For the past two years I’ve served my local community as Executive Director of a new assisted living. I’ve loved every minute of it. And I’m proud to say we’ve achieved one goal making it the best place to work in CT. Our team provides excellent care because they know we care. And yet, I feel like something’s amiss. My favorite days are the ones where I get to challenge my residents to a competitive game of cribbage, or listen to their stories about their grandchildren. And of course, as ED there are very few days where that is possible. I find myself longing for the days when I have a support group to facilitate, and eager to help families as they struggle with a family member with dementia.
So, Live Laugh LEARN team, I’m going to get back into the consultation role. I’m going to reach out to some folks and see if there are still families who may need some coaching on behaviors and meaningful activity throughout the day. Dementia care is my passion and as I reflect on the work of the ECHO Summit, I know that my WHY can only be put aside for a short while.
It’s only one letter different… beat and beast. And I think if we change the Z to an L, ALZ can be beaten — but it will take us ALL.
Want to learn what I think we need to do? I’ve just finished the final edits on a white paper posted on my community’s website, ColebrookVillage.com. There you can read my thoughts about the breast cancer movement and what we need to do to #EndAlz.
Education is key. We cannot beat any beast without knowing about it ~ researchers will work on genetics and biomarkers. WE can educate ourselves about symptoms, interventions and ways to enhance the lives of those living with Alzheimer’s and related disorders — the individuals diagnosed AND their families.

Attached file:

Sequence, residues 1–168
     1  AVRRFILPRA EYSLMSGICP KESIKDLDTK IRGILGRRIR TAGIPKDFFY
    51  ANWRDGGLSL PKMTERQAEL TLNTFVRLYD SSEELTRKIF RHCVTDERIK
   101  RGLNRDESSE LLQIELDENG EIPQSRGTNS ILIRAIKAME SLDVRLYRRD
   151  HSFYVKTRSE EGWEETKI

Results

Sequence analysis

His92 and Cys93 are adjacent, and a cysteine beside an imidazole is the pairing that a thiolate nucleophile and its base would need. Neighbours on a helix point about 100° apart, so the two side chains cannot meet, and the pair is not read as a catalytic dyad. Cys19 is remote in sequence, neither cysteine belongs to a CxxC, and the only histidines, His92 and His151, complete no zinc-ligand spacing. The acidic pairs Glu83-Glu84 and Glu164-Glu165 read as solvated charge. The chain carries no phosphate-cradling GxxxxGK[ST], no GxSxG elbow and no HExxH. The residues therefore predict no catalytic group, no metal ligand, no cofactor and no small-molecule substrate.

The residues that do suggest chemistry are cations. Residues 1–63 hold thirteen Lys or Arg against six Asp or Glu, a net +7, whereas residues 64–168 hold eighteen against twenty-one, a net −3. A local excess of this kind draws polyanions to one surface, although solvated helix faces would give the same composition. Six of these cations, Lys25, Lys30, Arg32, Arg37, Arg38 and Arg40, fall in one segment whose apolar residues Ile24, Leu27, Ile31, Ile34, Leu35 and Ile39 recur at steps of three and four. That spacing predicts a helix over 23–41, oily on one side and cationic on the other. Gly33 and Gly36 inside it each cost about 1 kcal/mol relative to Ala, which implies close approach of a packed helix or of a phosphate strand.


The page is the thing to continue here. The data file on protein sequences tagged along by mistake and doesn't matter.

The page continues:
Here’s what I just learned that YOU need to know.
CAREGIVERS have distinctive symptoms of Alzheimer’s that need treatment. Let me clarify: this does NOT mean that AD is contagious. It simply means that diseases like Alzheimer’s effect the entire family, not just the person with the diagnosis. This comes from our friend and consultant Paul Raia, PhD. He said the person diagnosed has symptoms we’re familiar with, such as memory loss, judgment issues and functional losses. The caregivers have symptoms too, and these include:
Physical illness – this is common for people caring for others, and may include muscle strain, back injury as well as susceptibility to viruses due to diminished immunity from stress. Increased cortisol, the stress hormone, has a negative effect on the body.
Decreased emotional well-being – this can include caregiver burden, depression and disengagement from the activities a caregiver enjoys.
Increasing social isolation – Many caregivers report feeling invisible. Even in caring communities, such as a faith community, friends and acquaintances often look away, or decrease their support if they are unsure what to do to help. As care needs increase in later stages of Alzheimer’s, caregivers have less and less time to maintain social networks.
Increased financial challenges – According to the Alzheimer’s Association, a recent study found that the last 5 years of life for a person with dementia cost more than $287,000. Other studies have indicated that 70% of the costs are borne by the family. Medicare does not pay for most of the costs associated with Alzheimer’s and related dementias. These are expensive diseases. Families are becoming impoverished paying for the necessary care. Some spouses receive recommendations from lawyers and financial planners to divorce the person with dementia. Our system needs fixing, but that’s a different post!
The symptoms for caregivers are just as visible as the patient’s — if you know what to look for.
BUT WHAT DO WE DO ABOUT THE SYMPTOMS? You know the answer. Help is out there. Call me, email me or track me down. I’m happy to help. Call the Alzheimer’s Association 24/7 — they’re much easier to track down 🙂 800-272-3900 in multiple languages!
There’s Respite…there are tax deductions… there are support groups…there are therapists… there are medications…. there are exercises… there are social engagement groups for you and the person diagnosed. And opportunities are growing each year.
MAKE YOURSELF ACCEPT HELP. I know that some days it seems simpler to just do it all yourself. And it’s true that stress helps us stay alive — but it’s not healthy in the long run, and this is a long-term situation. GET HELP NOW.